Discussions on Korea today often revolve around North Korea and its nuclear weapons program. Yet, it is highly unlikely that the Korean Peninsula will remain divided forever, and emergence of a successfully unified and stable Korea is certainly one of many possibilities that merits close attention. Such a scenario would have far-reaching and potentially destabilizing consequences on the balance of power in Northeast Asia, especially with regard to a rising China and a normalizing Japan, both of which have critical security interests on the Korean Peninsula.
For the time being, there is in fact a great power status quo on the Korean Peninsula, as North Korea in many ways is an issue that unites the major regional powers who are often at odds with each other, including Japan, South Korea, China, the United States, and Russia. In the most basic sense, all five countries support North Korea denuclearizing and not collapsing, and oppose actions that could lead to war on the Peninsula. Thus, the lack of policy coordination among the different powers has been due to differences in priorities more so than interests.
Korean reunification would dramatically alter the consensus that now exists. Notably, China and a reunified Korea (under Seoul) will have direct security issues due to their shared borders and outstanding border disputes. Beijing will be particularly worried about Korean and U.S. troops moving up to the very open China-Korea Yalu River border. Even if the U.S. military were to remain below the DMZ line or leave the Korean Peninsula entirely, China will still have to worry about the South Korean military, which is well equipped and has nearly seven-hundred thousand troops (one of the largest in the world). Without North Korea and its 1.1 million troops serving as geographic and human buffers, Beijing will consider Korean and U.S. troops as serious regional threats.Enjoying this article? Click here to subscribe for full access. Just $5 a month.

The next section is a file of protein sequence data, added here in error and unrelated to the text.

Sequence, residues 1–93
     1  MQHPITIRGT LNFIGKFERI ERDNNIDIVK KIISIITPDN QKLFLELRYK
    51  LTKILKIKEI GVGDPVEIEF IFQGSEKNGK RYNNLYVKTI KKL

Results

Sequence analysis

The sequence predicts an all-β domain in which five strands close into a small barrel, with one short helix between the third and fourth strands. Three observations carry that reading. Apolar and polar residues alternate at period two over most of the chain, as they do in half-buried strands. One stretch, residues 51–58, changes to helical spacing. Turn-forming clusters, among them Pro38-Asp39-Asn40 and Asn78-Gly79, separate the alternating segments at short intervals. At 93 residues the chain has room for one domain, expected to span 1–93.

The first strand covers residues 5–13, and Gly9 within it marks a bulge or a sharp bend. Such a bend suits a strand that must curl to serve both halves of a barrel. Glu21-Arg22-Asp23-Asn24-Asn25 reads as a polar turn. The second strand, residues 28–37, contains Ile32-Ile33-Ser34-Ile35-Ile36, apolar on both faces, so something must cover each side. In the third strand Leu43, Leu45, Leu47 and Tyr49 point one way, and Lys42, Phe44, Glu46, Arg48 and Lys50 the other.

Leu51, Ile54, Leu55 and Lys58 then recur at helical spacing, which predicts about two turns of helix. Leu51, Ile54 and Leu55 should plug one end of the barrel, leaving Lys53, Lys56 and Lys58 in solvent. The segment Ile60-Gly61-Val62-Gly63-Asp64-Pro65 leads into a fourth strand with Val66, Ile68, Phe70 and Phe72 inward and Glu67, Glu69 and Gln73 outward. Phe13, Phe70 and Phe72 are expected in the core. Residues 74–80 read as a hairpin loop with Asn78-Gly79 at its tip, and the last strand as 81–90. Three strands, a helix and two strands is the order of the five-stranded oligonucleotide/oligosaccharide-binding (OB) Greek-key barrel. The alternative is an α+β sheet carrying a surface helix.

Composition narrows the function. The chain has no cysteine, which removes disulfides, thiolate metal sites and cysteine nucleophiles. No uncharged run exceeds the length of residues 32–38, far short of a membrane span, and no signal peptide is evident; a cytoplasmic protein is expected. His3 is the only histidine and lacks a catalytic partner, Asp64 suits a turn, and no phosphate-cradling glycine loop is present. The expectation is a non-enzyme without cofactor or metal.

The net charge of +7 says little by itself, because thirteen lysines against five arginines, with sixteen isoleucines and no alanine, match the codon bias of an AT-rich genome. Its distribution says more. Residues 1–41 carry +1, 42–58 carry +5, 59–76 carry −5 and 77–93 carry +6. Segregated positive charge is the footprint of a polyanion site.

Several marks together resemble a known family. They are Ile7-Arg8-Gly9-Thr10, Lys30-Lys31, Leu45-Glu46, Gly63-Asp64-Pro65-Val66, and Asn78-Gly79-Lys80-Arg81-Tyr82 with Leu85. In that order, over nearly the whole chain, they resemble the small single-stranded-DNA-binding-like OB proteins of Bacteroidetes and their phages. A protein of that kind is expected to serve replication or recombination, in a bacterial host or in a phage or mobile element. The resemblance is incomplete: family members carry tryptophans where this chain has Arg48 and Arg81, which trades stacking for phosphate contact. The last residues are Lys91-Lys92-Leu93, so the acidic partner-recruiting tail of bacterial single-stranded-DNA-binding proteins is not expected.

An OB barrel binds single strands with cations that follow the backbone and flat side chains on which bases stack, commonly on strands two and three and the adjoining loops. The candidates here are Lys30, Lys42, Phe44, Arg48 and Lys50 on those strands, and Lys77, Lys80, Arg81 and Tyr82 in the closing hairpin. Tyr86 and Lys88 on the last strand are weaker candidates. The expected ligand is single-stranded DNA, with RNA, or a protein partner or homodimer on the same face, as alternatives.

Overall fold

Furthermore, a reunified Korea would be able to direct more energy to issues that received less attention before, especially highly charged historical disputes with Japan. There are several unresolved issues between the two countries, including the territorial disputes (Dokdo/Takeshima Islands, names of the Sea of Japan/East Sea) and numerous issues originating from Japan’s colonization of Korea and World War II (for example, the comfort women issue). Focusing more on these issues would fuel nationalism in an increasingly confident, assertive, and powerful Korea. This might be useful inbuilding cohesiveness among the formerly split Korean people, but Tokyo would likely feel threatened by Seoul’s intention to address its past grievances. While the two countries might not become openly hostile, their relations would almost certainly deteriorate, intensifying the tension in the region.
The second factor, which will further complicate the situation, is the on-going rise of China, assuming that it continues to grow without experiencing serious domestic instability. In the future, an increasingly powerful Chinese military power will render U.S. security guarantees in the region less credible. Despite the so-called “pivot,” the fact of the matter is that Chinese military power will grow relative to U.S. military power in the region. Given the Korean Peninsula’s importance to China’s security, Beijing may push Seoul to distance itself from Washington or even to align with it.
In its own response to a rising China, Japan could become a fully normal nation without any constitutional limit placed on its military power. Japan remains the third largest economy in the world, while the Maritime Self-Defense Force at this time remains the most powerful naval force in the region after the U.S. navy. Tokyo would consider the possibility of Seoul aligned with Beijing a serious national security threat, “a dagger pointed at the heart of Japan,” as Korea could be used as a springboard for attacks against the Japanese Isles (Pusan, a major Korean port, is less than two-hundred nautical miles from Yamaguchi Porton the Japanese mainland).